Being in Silicon Valley, in the networking industry, it is a pretty high brow industry. To get in here, you need very low level network details. For example, you need to know how to read a sniffer trace, or packet analyzer. Sure, anyone can record it, but not many know how to interpret the data. So you know the 7 layers of the OSI, but what does each of them do? Anyhow, this gives you an idea of the level of technical aptitude required to work at this level.
Ok, so now we have established how very technical this is. When a customer’s network is down, you have to move quickly. P1, network down situation, meaning lots of dollars are at stake. With 10 years in the industry, I feel I know a bit about what type of information to grab. Sniffer traces, snoop, debugs … I know how to analyze them … but sometimes, even the best engineers, won’t be able to determine the problem. So here is where I become a monkey … can’t solve it, so escalate to engineering. At this point, all I do is pass information back and forth between the customer and Engineering.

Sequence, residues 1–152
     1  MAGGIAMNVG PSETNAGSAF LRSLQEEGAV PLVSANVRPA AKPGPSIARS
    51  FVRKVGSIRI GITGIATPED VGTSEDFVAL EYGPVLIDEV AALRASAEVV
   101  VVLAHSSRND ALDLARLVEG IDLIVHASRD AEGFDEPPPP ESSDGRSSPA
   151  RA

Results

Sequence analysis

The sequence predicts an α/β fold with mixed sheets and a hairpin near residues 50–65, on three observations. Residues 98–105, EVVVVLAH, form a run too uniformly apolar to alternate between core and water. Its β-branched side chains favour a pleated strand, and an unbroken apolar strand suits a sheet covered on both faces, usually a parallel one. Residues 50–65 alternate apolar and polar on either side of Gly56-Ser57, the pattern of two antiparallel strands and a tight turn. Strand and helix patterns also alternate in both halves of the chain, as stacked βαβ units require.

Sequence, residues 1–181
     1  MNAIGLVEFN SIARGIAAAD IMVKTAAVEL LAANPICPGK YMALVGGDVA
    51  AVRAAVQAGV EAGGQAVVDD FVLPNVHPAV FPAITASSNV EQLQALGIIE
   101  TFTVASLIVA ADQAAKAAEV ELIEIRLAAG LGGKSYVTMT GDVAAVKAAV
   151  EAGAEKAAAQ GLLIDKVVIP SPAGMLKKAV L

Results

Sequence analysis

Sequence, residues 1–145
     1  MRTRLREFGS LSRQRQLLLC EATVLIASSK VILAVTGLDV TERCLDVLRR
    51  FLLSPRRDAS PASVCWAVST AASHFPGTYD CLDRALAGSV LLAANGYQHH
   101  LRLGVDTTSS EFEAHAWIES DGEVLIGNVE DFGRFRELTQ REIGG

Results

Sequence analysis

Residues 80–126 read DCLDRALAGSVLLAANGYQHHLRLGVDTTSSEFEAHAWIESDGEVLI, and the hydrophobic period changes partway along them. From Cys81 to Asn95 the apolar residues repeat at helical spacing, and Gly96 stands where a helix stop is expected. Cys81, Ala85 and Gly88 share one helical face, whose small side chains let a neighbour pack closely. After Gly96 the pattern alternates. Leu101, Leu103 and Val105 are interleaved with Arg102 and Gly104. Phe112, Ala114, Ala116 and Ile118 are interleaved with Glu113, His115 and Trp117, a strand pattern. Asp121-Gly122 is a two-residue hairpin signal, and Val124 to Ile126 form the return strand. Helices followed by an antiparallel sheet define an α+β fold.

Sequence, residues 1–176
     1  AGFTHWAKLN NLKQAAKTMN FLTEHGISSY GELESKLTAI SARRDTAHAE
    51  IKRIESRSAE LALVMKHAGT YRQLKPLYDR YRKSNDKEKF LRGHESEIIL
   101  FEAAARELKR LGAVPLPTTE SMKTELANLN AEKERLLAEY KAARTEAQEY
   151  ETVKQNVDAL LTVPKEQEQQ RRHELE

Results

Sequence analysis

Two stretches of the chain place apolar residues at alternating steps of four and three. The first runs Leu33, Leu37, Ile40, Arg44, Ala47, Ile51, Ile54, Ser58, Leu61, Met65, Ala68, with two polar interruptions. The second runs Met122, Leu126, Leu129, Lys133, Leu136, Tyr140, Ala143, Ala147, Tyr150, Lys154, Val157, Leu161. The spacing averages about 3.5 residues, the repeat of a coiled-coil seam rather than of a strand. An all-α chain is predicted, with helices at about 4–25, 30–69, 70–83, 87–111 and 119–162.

Sometimes, it gets to a point, where all I am is relaying data … Engineering would like to see … or … Engineer believes that … enough … so we get into a live troubleshooting session, where Engineering sees exactly everything that is on the customer box. However, we never let Engineering directly interact with the customer. That’s where me, the overglorified technical operator comes in to play, where I use my typing skills, and type in very technical commands. Granted, a simple data entry operator wouldn’t know what to type in, but still, I felt like a data entry person, a high tech monkey.
Now it turned out the problem was not with our device, but it was an issue on the customer’s network. But still, it took two days, 4 developers, 2 tech support engineers, 2 QA engineers, and 2 customer engineers to determine it is not our fault. And here I was, in the middle … and does the sales manager thank anyone that was intimately involved in this? Of course not … the weasel thanks my boss’s boss. Just typical … sales …
I’ve said it once, I’ll say it again … tech support is on the lowest level of species. Sales are at the top, and tech support is below the level of the amoeba. At this point, I can completely relate to Rodney Dangerfield. I get no respect at all!